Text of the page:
It's a tip he passes on to the younger detectives, a small measure as to their capacity to do the job:
'...Elinburg had been quick to learn this.  Sigurdur Oli still hadn't grasped the concept.' 
It's the kind of subtlety that helps to make a book worth reading.

'Hypothermia' opens with a suicide.  It’s an open-and-shut conclusion as far as the police are concerned, yet Erlendur is uneasy with the case.  He wants to know why the tragedy happened, needs to explore the story behind the death.

As he does unpeels layers, he uncovers ghosts.  There are the ghosts in the mind of the victim, the haunting tones of a series of unsolved missing persons investigations from decades earlier and there’s the ever-present spectre of his dead brother. 
Through visits trawling the stories of the past and the lakes of Iceland, after mystics are consulted and evidence unearthed, the plot-lines are sewn together skilfully so that they have a symbiotic relationship which offers a hugely satisfying read.
If I were to have a minor gripe, it would be to suggest that the translation does not always run smoothly.  I can’t be sure on this as my Icelandic is non-existent, but I have a feeling that the translation requires one more light edit to present it at its best.  It didn’t detract too much from the pleasure of my reading, but some paragraphs were a little wordy and slightly tangled when simpler language or use of a pronoun might just have streamlined things.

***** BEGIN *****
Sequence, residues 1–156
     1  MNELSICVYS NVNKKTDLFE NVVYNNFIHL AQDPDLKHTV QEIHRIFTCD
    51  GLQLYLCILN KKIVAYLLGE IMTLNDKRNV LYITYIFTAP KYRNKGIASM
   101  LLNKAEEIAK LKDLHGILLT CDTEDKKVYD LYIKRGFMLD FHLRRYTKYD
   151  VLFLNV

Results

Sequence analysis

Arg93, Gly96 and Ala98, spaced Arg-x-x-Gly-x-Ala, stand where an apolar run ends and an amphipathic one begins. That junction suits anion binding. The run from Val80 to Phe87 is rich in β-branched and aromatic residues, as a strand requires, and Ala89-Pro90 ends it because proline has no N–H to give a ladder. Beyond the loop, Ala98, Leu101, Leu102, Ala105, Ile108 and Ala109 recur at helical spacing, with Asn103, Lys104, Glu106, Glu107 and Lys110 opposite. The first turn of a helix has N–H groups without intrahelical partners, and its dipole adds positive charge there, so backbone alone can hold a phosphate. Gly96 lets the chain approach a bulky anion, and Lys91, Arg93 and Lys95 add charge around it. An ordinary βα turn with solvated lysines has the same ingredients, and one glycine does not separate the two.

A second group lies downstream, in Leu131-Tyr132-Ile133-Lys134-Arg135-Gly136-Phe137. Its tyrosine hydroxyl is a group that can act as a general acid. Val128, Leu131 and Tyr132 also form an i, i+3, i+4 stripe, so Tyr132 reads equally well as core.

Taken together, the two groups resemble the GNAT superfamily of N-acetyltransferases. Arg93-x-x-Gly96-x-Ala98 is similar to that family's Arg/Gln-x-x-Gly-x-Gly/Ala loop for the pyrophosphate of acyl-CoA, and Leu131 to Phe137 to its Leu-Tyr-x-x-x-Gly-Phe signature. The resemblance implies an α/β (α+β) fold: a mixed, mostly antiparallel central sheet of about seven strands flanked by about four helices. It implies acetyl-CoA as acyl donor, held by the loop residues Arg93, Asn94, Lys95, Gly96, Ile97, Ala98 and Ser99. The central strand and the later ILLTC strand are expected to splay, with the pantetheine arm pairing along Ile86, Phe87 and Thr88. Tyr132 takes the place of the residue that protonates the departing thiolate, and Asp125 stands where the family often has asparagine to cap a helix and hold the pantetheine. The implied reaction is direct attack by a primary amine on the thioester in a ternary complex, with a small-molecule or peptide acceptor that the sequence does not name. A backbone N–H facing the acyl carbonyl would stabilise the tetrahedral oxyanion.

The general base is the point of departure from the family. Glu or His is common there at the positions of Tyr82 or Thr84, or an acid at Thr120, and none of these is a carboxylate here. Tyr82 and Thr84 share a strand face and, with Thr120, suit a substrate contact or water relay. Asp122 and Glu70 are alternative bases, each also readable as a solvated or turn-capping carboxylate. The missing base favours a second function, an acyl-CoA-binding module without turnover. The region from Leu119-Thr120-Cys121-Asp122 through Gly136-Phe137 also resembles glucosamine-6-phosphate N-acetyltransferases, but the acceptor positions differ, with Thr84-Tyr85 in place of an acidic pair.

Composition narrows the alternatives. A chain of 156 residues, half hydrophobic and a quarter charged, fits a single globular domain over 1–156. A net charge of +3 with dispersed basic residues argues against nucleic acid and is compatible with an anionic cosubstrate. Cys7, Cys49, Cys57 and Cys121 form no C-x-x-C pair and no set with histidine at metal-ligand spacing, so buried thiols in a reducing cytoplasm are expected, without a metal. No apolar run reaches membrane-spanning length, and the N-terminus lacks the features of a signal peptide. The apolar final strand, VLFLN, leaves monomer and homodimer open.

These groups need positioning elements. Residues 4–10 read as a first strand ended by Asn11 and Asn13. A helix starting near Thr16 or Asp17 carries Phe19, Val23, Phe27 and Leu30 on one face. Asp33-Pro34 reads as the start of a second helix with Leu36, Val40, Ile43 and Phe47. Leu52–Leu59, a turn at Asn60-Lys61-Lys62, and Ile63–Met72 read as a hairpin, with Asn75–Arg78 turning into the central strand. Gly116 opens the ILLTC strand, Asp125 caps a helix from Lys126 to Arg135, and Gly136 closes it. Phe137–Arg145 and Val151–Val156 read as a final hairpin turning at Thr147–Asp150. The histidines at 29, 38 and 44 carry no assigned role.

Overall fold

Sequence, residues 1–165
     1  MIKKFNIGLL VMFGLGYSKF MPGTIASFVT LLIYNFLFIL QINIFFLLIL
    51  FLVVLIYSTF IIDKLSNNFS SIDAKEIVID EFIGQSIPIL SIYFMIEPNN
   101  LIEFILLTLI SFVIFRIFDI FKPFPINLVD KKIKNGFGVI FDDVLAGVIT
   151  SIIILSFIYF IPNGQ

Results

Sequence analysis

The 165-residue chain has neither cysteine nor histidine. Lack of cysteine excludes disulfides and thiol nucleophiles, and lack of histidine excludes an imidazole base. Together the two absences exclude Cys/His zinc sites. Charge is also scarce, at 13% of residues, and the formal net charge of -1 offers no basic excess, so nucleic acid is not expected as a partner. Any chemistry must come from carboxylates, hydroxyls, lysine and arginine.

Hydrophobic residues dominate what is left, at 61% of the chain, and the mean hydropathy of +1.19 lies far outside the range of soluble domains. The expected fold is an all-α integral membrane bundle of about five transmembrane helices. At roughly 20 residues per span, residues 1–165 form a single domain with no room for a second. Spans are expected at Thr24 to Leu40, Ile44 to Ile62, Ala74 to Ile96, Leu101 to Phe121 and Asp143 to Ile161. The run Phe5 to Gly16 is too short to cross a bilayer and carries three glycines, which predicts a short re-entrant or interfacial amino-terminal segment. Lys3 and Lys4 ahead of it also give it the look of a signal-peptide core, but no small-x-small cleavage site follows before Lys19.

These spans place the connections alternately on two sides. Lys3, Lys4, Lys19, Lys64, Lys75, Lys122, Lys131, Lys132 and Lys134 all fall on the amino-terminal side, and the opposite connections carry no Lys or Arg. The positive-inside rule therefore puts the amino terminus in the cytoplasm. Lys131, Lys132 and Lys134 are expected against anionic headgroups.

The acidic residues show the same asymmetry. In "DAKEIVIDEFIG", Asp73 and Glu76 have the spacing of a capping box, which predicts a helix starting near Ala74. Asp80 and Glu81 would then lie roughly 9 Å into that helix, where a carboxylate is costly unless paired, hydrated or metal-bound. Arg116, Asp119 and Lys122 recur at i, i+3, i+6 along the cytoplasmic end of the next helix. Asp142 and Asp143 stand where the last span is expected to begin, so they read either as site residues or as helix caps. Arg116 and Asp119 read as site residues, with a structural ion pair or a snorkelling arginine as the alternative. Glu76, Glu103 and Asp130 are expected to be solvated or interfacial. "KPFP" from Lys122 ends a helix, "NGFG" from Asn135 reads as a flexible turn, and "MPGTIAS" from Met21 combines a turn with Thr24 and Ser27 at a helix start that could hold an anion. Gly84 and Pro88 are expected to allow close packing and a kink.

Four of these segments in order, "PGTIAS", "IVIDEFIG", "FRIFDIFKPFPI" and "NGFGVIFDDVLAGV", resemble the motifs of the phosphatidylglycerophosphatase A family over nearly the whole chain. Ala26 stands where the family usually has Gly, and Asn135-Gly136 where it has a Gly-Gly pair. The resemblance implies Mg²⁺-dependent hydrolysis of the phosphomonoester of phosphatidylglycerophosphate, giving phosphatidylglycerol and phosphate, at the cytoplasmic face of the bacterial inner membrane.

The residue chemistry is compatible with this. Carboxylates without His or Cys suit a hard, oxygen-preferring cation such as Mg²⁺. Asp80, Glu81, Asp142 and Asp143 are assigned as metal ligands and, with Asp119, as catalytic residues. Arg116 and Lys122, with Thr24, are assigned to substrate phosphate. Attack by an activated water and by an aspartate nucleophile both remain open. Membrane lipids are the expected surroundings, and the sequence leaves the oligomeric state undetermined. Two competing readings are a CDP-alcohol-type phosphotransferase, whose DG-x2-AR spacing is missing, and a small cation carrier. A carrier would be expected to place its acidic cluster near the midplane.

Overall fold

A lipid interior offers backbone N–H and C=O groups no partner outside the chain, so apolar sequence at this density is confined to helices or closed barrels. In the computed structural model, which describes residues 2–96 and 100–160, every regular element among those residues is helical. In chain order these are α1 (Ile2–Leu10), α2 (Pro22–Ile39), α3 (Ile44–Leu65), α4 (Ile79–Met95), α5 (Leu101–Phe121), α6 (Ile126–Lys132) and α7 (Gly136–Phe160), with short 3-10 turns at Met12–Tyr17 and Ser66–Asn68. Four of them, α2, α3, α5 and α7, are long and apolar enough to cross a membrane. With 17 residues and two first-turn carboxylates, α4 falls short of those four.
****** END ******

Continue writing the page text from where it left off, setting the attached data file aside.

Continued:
There's also a fair amount of one of my least favourite styles in the writing of speech, that of the ... to represent pauses or hesitancy.  It's a small thing that possibly reflects natural conversation, but natural conversation and good written dialogue often bear little relation.  Those three dots might have a place, but when they're overused they do irritate me.
Translation and dots aside, this is a tremendous read.  The characters and plot are fully formed and each time I put the book down I started looking forward to the next instalment. 
I'll definitely be getting to know Erlendur better in the future and I'm certainly recommending this to any fans of the police-procedural who enjoy a touch of class.